a poll of the most popular celebrities in 2001, even surpassing Hollywood
actor Leonardo DiCaprio who was then at the apex of his global popularity
(Australian, 2002). Korean stars have had a big impact on consumer
culture, including food, fashion, make-up trends and even plastic surgery. It
is not uncommon to find Asian youth decorating their backpacks, notebooks and rooms with photographs of Korean stars. In the streets of Hanoi
and Beijing, it is common to find young members of the Korea Tribe, or
Koreanophiles, sporting multiple earrings, baggy hip-hop pants, and the
square-toed shoes of Seoul fashion. So popular are Korean actresses Lee
Young-ae, Song Hae Gyo, Kim Hee Sun and Jeon Ji-hyun that it has been
reported that their wanna-be fans in Taiwan and China request their facial
features when going for cosmetic surgery (Joins.com, 2001; Straits Times,
2002a, 2002b).
Given their infatuation with Korean culture, the regional fans are eager
to learn the Korean language and travel to Korea (SBS, 2001). For
example, at Inlingua School of Language in Singapore, the number of
students learning Korean had increased by 60 percent in 2003 compared to

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2001 because of the interest generated by Korean dramas (Sage, 2005).


When Ahn Jae-wook held a weekend Meet Ahn Jae-wook camp in a
resort near Seoul in August 2001, about 250 Chinese youth participated in
it. They willingly paid a fee of $465, which was several times the average
monthly salary in China (Joins.com, 2001). Quite a few travel agencies in
the region sell television drama-themed group tours to Korea with titles
like Best of Korean drama trailer deluxe tour.5
Park Young Su, assistant bureau chief at the Korea National Tourism
Organization (KNTO), said: Thanks to the success of shows like Autumn
in My Heart and Winter Sonata, weve had 130,000 tourists from China,
Taiwan, Hongkong, Singapore, Malaysia and Thailand coming to visit the
locations where the dramas were filmed (Lee, 2003). The number of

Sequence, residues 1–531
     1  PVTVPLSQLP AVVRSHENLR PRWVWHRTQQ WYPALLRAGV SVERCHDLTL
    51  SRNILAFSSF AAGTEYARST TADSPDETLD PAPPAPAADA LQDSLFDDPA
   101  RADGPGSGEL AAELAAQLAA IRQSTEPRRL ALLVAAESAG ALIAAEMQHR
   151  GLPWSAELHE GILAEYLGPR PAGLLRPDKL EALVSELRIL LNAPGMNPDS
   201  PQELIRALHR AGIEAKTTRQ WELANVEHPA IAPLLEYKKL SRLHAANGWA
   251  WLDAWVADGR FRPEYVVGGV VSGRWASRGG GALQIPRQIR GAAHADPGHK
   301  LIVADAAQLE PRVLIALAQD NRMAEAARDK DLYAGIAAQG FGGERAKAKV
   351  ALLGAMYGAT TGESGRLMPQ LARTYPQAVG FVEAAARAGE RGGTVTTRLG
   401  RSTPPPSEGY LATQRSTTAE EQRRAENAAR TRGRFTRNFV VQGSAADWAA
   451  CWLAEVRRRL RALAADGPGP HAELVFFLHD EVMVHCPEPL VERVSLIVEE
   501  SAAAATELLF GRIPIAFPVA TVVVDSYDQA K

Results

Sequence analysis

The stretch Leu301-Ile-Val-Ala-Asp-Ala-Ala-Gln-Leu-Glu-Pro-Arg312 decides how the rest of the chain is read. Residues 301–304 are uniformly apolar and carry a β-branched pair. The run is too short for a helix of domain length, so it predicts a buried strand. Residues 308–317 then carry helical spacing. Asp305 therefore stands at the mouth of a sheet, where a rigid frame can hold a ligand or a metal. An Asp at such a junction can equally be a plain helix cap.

Taiwanese who visited Korea in 2003 totalled 180,000, a 50 percent
increase from the previous years figure of 120,000 (Park, 2004).
In this context, Korean big business is making efforts to transform
Korean wave fans into consumers of Korean products and services.
Samsung Electronics in China successfully took advantage of Ahn Jaewooks popularity by hiring him as a model for its computer monitor
commercials. In Vietnam, LG Household and Health Care saw its sales
skyrocket after it featured Korean actress Kim Nam-ju in its advertisement.
Since then, LG has notched the first place in brand recognition among
foreign cosmetic brands in Vietnam, recalls Oh Kang-kook, public
relations manager of the company (Joins.com, 2001). In order to reinforce
the existing Korean boom in Vietnam, LG Electronics is reported to have
provided Vietnamese television stations with several Korean television
dramas for free, even covering the cost of dubbing (Nae-oe Economic
Daily, 2001). The Koreans have just begun to realize that culture can be as
profitable as semi-conductors or cars.
The growing popularity of Korean pop culture has more implications
than simply earning foreign currency, especially considering that the
country has had some diplomatic friction with its neighbours in the past
decades. The Vietnamese still vividly remember that Korean soldiers
fought against their Liberation Army during the Vietnam War. The
Taiwanese have felt betrayed by Korea ever since Seoul suddenly severed
its diplomatic relations with Taipei in order to establish new ties with
Beijing in 1992. In this respect, Korean pop stars have contributed to
improving Koreas foreign relations. In one instance, Korean actor Jang
Dong-gun and actress Kim Nam-ju enjoy such popularity in Vietnam that
the Vietnamese have even labelled them their national stars. The then
Korean president, Kim Dae Jung, even invited the pair to the dinner he
hosted for Vietnamese President Tran Duc Luong when the latter visited
Korea on 23 August 2001 (Australian, 2002). BoA, who made the cover of
the French Le Monde in July 2002 as an icon of cultural exchange between
Korea and Japan, were invited to the two countries summit conference in

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June 2003 in Tokyo; Japan was responsible for a brutal occupation of


Korea during the period between 1910 and 1945 (Macintyre, 2002). In all,